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The Korea Now Podcast

Apr 12, 2020

This episode of the Korea Now podcast features an interview that Jed Lea-Henry conducted with Nianshen Song. They speak about the history of the border region between Choson Korea and Qing China, how migrant flows into Manchuria began to raise concerns for these states, the issue of finding the Tumen river and accurately demarcating it, the challenges of cartography at this time, the importance that Imperial Japan saw in this issue, how questions of international law and historical territory played into the decision making, the nature of the relationship between Qing China and Choson Korea, the demarcation and growing importance of Mount Paektu, how these historical debates played out, how they were resolved, and their impact on the modern boundaries of China and (North) Korea.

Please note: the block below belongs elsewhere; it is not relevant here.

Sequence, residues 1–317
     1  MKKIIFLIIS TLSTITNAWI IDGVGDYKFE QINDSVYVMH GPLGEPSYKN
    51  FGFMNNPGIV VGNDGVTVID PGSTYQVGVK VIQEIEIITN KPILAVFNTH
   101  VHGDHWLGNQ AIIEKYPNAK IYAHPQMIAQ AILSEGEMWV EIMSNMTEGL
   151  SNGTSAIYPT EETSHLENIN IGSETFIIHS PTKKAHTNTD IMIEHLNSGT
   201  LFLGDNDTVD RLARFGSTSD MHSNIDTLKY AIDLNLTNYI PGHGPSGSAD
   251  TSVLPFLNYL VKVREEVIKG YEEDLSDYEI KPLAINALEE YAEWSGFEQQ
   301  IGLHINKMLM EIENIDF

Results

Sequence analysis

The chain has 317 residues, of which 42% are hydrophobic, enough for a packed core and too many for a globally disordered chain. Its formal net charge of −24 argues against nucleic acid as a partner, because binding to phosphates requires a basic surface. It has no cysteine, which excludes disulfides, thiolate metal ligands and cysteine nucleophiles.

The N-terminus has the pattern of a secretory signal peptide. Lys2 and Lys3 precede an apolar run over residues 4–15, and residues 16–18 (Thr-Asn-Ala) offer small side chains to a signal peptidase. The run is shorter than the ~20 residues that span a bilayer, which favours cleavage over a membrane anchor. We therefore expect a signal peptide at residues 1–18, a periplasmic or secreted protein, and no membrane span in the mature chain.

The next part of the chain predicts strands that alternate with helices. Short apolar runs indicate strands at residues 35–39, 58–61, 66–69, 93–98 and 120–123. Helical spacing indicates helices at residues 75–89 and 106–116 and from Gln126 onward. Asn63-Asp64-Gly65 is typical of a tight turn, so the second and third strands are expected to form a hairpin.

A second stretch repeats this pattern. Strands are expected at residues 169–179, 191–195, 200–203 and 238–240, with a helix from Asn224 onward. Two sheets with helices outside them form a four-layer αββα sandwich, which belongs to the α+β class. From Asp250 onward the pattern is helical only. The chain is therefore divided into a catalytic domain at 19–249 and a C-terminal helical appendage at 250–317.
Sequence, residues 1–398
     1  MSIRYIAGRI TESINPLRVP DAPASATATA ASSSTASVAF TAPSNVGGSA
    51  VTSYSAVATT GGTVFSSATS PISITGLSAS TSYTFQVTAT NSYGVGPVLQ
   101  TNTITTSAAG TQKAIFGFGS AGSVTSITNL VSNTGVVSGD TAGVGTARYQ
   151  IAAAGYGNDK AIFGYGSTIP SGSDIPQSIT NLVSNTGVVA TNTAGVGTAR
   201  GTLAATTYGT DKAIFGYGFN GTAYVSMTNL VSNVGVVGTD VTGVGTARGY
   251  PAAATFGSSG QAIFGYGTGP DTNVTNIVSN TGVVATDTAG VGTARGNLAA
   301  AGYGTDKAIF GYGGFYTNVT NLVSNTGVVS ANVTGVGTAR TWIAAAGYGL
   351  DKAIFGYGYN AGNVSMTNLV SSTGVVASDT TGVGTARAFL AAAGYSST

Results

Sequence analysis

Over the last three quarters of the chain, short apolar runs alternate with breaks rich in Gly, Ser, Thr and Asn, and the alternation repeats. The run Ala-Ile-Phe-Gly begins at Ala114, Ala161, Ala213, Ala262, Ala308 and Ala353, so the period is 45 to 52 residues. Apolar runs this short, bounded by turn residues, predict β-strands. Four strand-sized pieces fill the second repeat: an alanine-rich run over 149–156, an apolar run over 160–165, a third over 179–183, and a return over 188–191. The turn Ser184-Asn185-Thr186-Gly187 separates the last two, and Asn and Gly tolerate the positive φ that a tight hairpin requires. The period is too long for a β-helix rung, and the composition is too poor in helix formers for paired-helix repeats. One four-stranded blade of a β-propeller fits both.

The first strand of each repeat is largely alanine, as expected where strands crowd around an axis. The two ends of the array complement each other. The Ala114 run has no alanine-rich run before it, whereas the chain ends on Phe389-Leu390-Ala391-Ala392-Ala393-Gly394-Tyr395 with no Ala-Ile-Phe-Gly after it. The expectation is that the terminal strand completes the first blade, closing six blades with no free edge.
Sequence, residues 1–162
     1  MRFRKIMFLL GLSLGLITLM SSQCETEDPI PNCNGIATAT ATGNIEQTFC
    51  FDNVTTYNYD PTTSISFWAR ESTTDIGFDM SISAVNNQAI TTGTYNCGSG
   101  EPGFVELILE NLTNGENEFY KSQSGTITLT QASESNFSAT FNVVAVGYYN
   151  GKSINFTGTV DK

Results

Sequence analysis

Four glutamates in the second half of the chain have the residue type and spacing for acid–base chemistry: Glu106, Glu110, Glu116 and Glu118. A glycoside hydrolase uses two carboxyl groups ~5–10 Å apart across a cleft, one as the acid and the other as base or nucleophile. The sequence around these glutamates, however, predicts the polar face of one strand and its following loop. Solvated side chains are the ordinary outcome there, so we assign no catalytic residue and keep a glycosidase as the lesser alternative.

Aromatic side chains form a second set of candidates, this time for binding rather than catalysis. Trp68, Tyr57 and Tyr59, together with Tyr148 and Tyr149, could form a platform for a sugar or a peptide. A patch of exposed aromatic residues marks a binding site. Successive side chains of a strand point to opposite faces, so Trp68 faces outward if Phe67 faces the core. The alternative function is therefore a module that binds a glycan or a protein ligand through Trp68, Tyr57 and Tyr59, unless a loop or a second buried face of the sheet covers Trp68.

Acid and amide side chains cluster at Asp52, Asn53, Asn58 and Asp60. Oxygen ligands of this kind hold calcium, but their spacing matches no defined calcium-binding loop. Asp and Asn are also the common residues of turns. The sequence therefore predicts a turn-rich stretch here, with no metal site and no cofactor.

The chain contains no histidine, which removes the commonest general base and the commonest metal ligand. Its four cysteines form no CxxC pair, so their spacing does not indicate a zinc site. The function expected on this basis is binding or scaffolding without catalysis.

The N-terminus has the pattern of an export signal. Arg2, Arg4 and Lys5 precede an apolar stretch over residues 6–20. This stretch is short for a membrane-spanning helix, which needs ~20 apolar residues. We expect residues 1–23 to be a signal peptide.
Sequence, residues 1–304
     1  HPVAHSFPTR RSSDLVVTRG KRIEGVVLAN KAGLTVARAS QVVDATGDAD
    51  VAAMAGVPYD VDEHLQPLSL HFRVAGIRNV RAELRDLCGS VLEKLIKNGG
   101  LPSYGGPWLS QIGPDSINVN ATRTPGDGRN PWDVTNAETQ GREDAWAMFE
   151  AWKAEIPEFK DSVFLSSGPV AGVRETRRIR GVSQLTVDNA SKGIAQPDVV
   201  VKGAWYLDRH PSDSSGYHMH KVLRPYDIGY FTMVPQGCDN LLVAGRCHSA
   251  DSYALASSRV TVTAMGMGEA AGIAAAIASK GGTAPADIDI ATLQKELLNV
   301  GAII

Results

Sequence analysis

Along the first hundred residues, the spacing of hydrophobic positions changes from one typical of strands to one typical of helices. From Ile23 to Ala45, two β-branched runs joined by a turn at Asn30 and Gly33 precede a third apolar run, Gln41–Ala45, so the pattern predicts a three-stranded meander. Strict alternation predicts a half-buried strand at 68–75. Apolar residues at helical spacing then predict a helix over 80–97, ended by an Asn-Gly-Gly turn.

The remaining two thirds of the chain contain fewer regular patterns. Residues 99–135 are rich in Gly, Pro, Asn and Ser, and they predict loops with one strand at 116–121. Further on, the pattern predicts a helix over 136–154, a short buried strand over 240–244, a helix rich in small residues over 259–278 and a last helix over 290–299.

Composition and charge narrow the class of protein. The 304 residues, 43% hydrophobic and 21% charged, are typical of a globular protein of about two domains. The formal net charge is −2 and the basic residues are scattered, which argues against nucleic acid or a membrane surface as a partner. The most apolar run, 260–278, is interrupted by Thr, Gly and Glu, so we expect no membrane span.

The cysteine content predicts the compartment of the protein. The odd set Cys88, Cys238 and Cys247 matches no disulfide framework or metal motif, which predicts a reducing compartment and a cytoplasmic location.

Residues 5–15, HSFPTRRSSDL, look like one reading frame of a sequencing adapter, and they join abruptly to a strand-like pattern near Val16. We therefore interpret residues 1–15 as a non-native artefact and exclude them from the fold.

Nianshen Song is an Assistant Professor of History and an affiliated faculty in the Asian Studies Program at the University of Maryland, Baltimore County. His research and teaching focus on late imperial and modern China, with special interest in China’s ethnic frontiers, East Asian trans-regional networks, and international relations. He is the author of Making Borders in Modern East Asia: The Tumen River Demarcation, 1881–1919 (Cambridge University Press, 2018), which explores the making of the China-Korean boundary and the Korean diaspora society in Northeast China. His articles appeared in The Journal of Asian Studies, The Asia-Pacific Journal, Chinese Journal of International Politics, Studies in the History of Gardens & Designed Landscapes, among others. His next book project, The West Pagoda:  Three and Half Centuries of a Chinese Neighborhood, aims to examine the rise and fall of Northeast China from the nearly 400 years’ evolution of a small urban space. You can follow Nianshen’s work at ‘’ and ‘’.

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